An examination of notothenioid fish of three species, including 23 immature Notothenia coriiceps Richardson, revealed seven acanthocephalan species, including two Echinorhynchida occurring in the intestine and five Polymorphida in the body cavity. Four species -Metacanthocephalus johnstoni Zdzitowiecki, Corynosoma arctocephali Zdzitowiecki, C. pseudohamanni Zdzitowiecki, C.shackletoni Zdzitowiecki – are reported for the first time from the area. Polymorphida were twice as numerous as Echinorhynchida. The dominant parasites were Aspersentis megarhynchus (Linstow) and C. hamanni (Linstow) in Notothenia coriiceps, and C. bullosum (Linstow) in Chaenocephalus aceratus (Lönnberg). The infection of Notothenia coriiceps and Chaenocephalus aceratus in this area was compared with these species and Notothenia rossii Richardson in neighbouring areas. The infection of Notothenia coriiceps at the South Orkney Islands is more similar to that at the South Shetland Islands than that found at South Georgia.
After weaning, southern elephant seal pups (Mirounga leonina) fast for 3 – 8 weeks, for largely unknown reasons. During the postweaning fast we observed daytime behaviour and movements of pups on South Georgia in relation to mass, sex, and tooth eruption. There was variation in behaviour, with the lowest levels of activity from about 09:00 to 15:00. When ashore, weaned pups spent 97% of the time resting. There was no difference in activity between the sexes, except that only male pups were observed fighting. There was a significant difference in tooth eruption between the sexes. In female pups, 87.9% had teeth at weaning, while only 28.7% of male pups had. There was no correlation between mass at weaning and activity in either sex. Weaned pups tended to gather in groups (median group size 3, range 2 – 67). Several factors may affect the behaviour of pups during the postweaning fast: the resting behaviour required to save energy favours spending time ashore during the day (which also enhances vitamin D synthesis), and foraging is more effectively practiced at night because their prey is more active at night.
1. The study tested the hypothesis that the occurrence of pregnancy in mammals that are capital breeders will be most closely related to state variables that are indices of food stores. Income breeders would not be expected to have the same relationship. 2. The study examined the relationships between mass, time of year, age and body length with the occurrence of pregnancy in three species of pinniped. This included two capital breeders (Crabeater Seal, Lobodon carcinophagus Hombron & Jacquinot, and Grey Seal, Halichoerus grypus Fabricius) and one income breeder (Antarctic Fur Seal, Arctocephalus gazella Peters). Multiple logistic regression analysis was used to examine the relationships and the interactions between the different state variables. 3. In both the capital breeders the state variables used in the study explained approximately twice the amount of variability (55% compared with 25%) in the occurrence of pregnancy than in the income breeder. Mass was the dominant state variable among both the capital breeders whereas in the income breeder mass was less important both relative to other state variables and in absolute terms. The results support the conclusion that the occurrence of pregnancy in capital breeders is more sensitive to body reserves than it is in income breeders. 4. The results also support the conclusion that life histories are the end result of a variety of functional responses to different state variables that have differing degrees of influence. In particular a size-structured approach to studies of population dynamics in pinnipeds may be a more informative way of predicting population responses to environmental variability than the more traditional age-structured approach.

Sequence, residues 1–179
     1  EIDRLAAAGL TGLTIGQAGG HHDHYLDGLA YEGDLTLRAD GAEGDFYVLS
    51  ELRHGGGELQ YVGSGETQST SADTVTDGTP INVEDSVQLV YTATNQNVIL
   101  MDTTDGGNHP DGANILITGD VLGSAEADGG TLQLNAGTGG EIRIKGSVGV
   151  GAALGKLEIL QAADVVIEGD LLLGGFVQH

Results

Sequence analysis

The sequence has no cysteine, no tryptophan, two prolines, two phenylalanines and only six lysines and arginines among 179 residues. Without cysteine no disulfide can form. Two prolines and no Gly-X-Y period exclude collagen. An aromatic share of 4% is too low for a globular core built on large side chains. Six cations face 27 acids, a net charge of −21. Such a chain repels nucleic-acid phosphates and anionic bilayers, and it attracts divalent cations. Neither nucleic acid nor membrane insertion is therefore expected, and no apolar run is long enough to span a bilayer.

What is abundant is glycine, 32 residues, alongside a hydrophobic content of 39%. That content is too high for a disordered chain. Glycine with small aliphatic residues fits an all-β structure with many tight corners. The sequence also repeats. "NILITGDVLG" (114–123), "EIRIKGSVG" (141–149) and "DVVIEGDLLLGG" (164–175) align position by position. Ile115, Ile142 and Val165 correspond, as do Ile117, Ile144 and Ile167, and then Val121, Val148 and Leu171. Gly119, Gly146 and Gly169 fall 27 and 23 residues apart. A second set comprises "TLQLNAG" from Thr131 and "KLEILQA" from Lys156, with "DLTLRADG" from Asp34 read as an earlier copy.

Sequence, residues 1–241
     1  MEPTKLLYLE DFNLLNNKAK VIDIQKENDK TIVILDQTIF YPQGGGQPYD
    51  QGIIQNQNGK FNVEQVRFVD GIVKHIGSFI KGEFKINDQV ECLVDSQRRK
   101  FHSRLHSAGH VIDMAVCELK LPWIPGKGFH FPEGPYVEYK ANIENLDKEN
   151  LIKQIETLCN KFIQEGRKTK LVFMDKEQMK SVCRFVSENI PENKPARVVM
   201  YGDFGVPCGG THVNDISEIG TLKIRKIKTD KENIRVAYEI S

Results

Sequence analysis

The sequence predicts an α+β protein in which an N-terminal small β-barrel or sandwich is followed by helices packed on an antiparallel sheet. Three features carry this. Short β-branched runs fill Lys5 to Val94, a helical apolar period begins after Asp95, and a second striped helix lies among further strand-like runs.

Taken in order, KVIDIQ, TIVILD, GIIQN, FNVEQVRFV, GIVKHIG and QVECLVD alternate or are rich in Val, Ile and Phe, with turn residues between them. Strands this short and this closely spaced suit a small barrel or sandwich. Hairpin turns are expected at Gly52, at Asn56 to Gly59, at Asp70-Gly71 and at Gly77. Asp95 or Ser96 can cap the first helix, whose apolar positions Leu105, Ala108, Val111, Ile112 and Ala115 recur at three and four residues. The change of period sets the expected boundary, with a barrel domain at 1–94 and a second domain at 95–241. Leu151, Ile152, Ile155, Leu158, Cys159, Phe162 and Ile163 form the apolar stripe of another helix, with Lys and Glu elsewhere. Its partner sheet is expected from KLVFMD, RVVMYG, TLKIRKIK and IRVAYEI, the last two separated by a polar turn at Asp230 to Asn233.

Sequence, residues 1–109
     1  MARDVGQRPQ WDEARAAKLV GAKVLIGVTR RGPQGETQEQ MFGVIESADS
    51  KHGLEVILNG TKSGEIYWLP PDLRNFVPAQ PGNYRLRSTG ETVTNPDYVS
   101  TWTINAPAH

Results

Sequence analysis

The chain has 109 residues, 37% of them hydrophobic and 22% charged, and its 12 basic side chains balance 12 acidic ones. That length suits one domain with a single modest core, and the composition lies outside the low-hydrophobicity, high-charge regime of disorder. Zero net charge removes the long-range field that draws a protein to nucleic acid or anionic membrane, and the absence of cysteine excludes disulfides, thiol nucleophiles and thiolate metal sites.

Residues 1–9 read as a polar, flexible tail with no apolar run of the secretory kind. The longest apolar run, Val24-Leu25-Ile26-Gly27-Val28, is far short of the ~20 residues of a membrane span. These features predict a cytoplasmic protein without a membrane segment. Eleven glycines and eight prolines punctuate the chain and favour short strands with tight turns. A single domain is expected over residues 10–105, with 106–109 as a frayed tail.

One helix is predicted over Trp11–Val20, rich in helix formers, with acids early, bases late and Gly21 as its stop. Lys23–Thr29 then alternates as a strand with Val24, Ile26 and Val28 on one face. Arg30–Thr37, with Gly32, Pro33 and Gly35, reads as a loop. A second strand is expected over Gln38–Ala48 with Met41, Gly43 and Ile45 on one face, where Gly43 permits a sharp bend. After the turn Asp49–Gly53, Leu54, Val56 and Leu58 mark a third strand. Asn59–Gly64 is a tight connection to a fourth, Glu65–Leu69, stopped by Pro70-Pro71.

As part of a collaborative research program between British Antarctic Survey, U.K. and Utah State University, USA, all sky airglow images were recorded at Halley Station Antarctica (75.5 S, 26.7 W). An unusual mesospheric gravity wave event was observed in the OH nightglow (nominal height ≈87 km) over a period of ≈3 hours on the 27–28 May, 2001. The characteristics of the bore wave event were determined by application of the one dimensional spatial S-Transform analysis. This is the first time such analysis has been performed on airglow data. By employing these local spatial spectral analysis, the evolution of the wave packet can be measured. The wave parameters (phase velocity, wave number, wavelength, period) were inferred from as little as 2 images (separated in time), which is a powerful ability when a data set of images is irregularly sampled in time, as is often the case in airglow imager studies. Several interesting and novel results were obtained regarding the dynamic evolution of the wave. The horizontal wavelength of the bore wave packet was seen to decrease as the packet evolved. Coincident with this observation, the horizontal phase speed decreased, with an associated decrease in wave packet amplitude.
The relationship between the Southern Hemisphere Annular Mode and Antarctic Peninsula summer temperatures: analysis of a high-resolution model climatology